By Ryan Yousefi
By Chuck Strouse
By Terrence McCoy
By Terrence McCoy
By Terrence McCoy
By Michael E. Miller
By Kyle Munzenrieder
By Michael E. Miller
This particular elevator rises only two stories and is hydraulic-powered, the type most commonly found in buildings no more than five stories high. It operates much like the lift in an auto-repair shop: An electric motor pumps oil into a cylinder, causing the elevator car to rise. Then valves release the oil for a controlled descent. (The other basic elevator type employs cables that run from the top of the car, over grooved wheels called sheaves at the top of the building, and down to a counterweight.)
Mario summons the elevator, then sends it up to the second floor, empty. As it ascends, he pulls a slim metal rod out of his pocket A the elevator key A and slides it into a little hole located near the top of the outer elevator door. After giving the rod a few measured twists, he is able to slide open the door to reveal the darkened elevator shaft and its innards. He plays the beam of his flashlight off the hydraulic lift and the bottom of the elevator car. Noting the presence of trash and oil that has leaked onto the floor A fire hazards A he tallies his second violation. "Pretty nasty pit," he sums up, letting the door slide shut and calling the car back down.
When the elevator arrives and the door opens, Mario scrapes a boot heel over the threshold to ensure that the floor of the car is level with the hallway (an uneven match could precipitate an injury, not to mention a costly trip-and-fall lawsuit), then boards the car and rides it upward (it moves smoothly). He tests the emergency button (it works) and discovers that the emergency phone is missing (violation number three). Once on the second floor, he sends the elevator down empty and again keys open the door to inspect the top of the car (escape hatch bolted, but more debris).
Mario checks out the mall's other elevator, as well as its 1908 German-made Herschell-Spillman merry-go-round: Metro-Dade's elevator inspectors are also responsible for amusement rides and dumbwaiters, not to mention escalators, moving sidewalks, and wheelchair lifts. Before leaving the building he will stop by the management office and leave copies of the various inspection reports. The manager has 30 days to fix the problems. Violations that persist beyond that grace period can lead to fines of $200 a day, although this is rare. Egregiously flawed elevators can be padlocked shut, a process known as "red tagging." (Says Mario: "That friggin' Nathan [Quarles]. He red-tagged the elevator in my condo last week!")
Mario is one of seven Metro-Dade elevator inspectors, who between them examine the majority of elevators in Dade County. Miami and Miami Beach are the only municipalities to employ their own elevator inspectors; the others contract with the county, which also handles the elevators in unincorporated Dade, as well as those belonging to the State of Florida. (The federal government handles its own.)
For his part, Mario has a fair amount of ground to cover: His region extends from the Palmetto Expressway to Krome Avenue and from SW Eighth Street to Kendall Drive. He also takes care of most county structures A administration buildings, public schools, public housing, Jackson Memorial Hospital, et cetera. By the end of this day, he will have inspected about ten elevators, including several at Florida International University and one at Gloria and Emilio Estefan's Crescent Moon Studios. (That building has a repeat violation: The machine room is being used to store packaging for a recording console. Mario gives the Estefans an extra few days to correct the fault.)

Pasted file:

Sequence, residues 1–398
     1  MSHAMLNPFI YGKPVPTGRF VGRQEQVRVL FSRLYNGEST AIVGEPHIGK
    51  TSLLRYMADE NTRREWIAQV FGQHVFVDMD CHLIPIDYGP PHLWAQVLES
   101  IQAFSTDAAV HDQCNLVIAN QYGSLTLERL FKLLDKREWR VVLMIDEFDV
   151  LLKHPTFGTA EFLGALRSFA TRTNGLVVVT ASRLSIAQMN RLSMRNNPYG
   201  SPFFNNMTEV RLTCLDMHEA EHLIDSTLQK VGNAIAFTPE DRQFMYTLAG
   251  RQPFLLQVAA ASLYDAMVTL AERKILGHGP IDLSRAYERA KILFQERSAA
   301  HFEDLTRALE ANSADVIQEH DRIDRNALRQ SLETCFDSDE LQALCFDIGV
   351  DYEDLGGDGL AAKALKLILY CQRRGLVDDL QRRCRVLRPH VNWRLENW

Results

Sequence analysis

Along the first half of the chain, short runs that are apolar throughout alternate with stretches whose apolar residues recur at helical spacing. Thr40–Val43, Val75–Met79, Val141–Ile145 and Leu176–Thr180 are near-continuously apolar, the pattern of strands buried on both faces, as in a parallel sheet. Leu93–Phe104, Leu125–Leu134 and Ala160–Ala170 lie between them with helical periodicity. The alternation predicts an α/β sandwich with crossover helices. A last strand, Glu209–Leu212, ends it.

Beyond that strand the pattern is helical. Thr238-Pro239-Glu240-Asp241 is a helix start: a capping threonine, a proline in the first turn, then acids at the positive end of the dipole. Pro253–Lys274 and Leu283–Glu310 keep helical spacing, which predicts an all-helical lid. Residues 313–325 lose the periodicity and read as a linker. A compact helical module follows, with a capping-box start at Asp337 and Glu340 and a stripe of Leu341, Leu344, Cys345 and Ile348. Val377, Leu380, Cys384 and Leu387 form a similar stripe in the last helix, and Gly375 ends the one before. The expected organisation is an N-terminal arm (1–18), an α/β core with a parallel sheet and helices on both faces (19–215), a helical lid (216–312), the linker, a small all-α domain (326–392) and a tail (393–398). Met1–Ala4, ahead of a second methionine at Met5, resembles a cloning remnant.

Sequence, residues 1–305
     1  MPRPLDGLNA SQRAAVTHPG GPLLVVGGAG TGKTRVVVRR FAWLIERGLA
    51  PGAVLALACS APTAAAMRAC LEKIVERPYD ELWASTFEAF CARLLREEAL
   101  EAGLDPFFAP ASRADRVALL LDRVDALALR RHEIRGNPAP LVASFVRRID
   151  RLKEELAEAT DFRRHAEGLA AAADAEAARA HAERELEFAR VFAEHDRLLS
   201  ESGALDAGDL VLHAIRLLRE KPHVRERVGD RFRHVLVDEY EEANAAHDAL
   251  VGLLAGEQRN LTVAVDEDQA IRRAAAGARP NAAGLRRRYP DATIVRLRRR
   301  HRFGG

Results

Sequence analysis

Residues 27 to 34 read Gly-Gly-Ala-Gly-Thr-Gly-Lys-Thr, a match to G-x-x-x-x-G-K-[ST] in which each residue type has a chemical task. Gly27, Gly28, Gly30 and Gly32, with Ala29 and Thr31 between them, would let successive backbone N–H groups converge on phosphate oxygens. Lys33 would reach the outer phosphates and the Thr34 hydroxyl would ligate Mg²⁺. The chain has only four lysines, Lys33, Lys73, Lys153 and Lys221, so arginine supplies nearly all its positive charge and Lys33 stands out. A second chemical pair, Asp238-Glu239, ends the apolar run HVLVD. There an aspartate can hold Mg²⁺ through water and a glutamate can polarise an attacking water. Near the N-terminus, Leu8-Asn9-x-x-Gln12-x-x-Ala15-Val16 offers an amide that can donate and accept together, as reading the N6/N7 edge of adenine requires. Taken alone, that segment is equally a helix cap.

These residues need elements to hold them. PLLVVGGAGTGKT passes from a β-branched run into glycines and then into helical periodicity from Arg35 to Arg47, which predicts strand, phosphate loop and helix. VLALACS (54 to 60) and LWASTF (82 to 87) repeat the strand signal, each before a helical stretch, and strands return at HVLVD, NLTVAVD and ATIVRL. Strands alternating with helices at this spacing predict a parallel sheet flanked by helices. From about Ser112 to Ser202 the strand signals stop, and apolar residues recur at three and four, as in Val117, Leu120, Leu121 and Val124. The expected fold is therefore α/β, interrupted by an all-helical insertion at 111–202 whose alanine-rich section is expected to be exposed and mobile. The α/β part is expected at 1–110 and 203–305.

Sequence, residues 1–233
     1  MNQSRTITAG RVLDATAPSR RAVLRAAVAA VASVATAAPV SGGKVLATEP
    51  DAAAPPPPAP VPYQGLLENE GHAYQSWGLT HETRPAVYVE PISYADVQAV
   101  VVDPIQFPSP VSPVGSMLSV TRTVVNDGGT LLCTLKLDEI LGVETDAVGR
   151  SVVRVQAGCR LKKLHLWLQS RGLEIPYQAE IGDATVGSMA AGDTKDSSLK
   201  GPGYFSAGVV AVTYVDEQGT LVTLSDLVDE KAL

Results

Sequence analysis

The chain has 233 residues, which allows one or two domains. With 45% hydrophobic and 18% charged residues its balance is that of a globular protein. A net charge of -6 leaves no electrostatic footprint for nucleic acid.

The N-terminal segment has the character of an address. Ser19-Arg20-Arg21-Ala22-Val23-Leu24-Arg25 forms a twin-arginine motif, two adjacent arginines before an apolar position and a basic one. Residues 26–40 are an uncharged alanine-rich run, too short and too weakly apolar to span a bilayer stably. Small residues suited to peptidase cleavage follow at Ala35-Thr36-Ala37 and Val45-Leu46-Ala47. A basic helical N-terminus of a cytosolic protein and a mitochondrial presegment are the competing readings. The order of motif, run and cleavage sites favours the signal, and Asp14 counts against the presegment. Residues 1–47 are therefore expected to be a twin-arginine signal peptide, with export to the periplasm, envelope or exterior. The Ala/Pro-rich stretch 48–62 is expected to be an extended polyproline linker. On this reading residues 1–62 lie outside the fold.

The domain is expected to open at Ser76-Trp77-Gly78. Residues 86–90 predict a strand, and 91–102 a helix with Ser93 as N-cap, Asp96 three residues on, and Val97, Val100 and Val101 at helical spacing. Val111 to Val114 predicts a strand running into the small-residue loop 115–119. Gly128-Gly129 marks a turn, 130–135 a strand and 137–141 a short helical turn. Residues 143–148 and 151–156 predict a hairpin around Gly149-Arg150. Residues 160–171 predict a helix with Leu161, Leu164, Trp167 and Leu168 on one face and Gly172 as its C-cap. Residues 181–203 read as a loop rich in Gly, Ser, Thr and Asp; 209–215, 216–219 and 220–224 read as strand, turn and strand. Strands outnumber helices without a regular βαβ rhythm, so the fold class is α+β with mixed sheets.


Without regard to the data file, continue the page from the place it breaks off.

In all matters of elevator inspecting, the Florida Statutes are the final word. The law requires elevators in Florida to undergo a thorough initial inspection and safety test, as well as a reinspection once every two years. (Lifts in private residences are a little different and receive only an initial inspection.) Miami Beach, Miami, and Dade County set the bar progressively higher: The Beach aims for inspections once every eighteen months; Miami shoots for annual inspections; and Dade County makes a run at twice-yearly checkups, the guideline recommended by the American Society of Engineers. The various inspection divisions in Dade extract fees for performing their tasks that range from less than $100 to nearly $300 per inspection period.
Dade County's inspectors generally average between eight and twelve reinspections per day. And still they can barely keep up. Each of the seven inspectors is responsible for about 860 pieces of equipment, the majority of which are elevators. Miami Beach inspector Nathan Quarles has to cover 1700 lifts all by his lonesome (impossible). And Miami's Harjeet Singh single-handedly juggles 2600 ("What should I say?" he chuckles uncomfortably. "It's too many.")
The short supply of inspectors is more than a budgetary issue; it's a matter of public safety. With so many elevators to cover, inspectors are either having to hurry their inspections to stay on schedule (they say they don't do this) or allowing many elevators to go uninspected for months, if not years, after they're due.
Some relief is on the way. Miami Beach is advertising for an additional inspector (starting annual salary: $25,800 to $35,600), and the City of Miami this past week brought on a new man to help Singh.